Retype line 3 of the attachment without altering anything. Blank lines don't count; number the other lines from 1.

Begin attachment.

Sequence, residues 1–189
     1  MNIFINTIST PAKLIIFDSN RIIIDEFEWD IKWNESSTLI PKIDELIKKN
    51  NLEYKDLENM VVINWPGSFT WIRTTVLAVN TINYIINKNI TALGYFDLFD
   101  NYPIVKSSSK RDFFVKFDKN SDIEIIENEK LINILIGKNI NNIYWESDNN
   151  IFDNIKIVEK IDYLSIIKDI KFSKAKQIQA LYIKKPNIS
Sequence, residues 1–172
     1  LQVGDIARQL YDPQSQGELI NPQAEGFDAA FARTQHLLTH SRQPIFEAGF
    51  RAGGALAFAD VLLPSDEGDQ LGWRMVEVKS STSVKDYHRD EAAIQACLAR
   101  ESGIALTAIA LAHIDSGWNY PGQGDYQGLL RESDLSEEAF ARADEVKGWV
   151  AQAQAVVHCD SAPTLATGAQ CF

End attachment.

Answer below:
    51  NLEYKDLENM VVINWPGSFT WIRTTVLAVN TINYIINKNI TALGYFDLFD